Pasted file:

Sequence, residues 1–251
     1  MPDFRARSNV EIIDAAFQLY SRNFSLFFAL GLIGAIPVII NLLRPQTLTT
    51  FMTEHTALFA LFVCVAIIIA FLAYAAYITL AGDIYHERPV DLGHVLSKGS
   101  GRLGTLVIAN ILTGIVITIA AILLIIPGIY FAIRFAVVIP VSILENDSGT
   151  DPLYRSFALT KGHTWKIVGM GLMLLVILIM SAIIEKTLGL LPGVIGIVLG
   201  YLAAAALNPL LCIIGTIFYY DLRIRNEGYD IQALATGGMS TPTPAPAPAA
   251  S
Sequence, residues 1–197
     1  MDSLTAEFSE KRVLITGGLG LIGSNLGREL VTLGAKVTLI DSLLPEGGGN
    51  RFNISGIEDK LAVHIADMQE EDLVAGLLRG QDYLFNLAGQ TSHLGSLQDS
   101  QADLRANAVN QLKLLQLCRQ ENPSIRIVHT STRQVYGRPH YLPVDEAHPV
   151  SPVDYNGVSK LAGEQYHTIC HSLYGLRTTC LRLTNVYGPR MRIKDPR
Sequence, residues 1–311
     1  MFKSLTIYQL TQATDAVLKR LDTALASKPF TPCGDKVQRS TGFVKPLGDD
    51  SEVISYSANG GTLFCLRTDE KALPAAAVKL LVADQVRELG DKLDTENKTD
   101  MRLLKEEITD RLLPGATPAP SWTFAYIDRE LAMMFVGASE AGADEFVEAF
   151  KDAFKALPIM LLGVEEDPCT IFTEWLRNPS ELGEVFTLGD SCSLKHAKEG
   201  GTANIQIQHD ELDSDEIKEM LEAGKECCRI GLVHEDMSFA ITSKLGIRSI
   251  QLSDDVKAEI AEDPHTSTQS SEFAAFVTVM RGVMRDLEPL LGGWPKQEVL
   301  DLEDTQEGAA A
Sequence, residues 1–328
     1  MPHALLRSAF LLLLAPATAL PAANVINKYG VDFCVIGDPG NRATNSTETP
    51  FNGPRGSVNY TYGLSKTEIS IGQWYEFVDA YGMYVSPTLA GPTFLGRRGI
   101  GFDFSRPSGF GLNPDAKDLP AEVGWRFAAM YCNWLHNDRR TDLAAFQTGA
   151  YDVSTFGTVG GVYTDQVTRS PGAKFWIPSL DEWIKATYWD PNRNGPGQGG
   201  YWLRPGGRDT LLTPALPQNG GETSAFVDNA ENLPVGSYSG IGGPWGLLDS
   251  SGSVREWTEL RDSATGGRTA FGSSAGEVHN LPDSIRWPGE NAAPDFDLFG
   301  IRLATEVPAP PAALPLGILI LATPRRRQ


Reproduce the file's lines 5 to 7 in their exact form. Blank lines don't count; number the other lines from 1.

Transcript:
   151  DPLYRSFALT KGHTWKIVGM GLMLLVILIM SAIIEKTLGL LPGVIGIVLG
   201  YLAAAALNPL LCIIGTIFYY DLRIRNEGYD IQALATGGMS TPTPAPAPAA
   251  S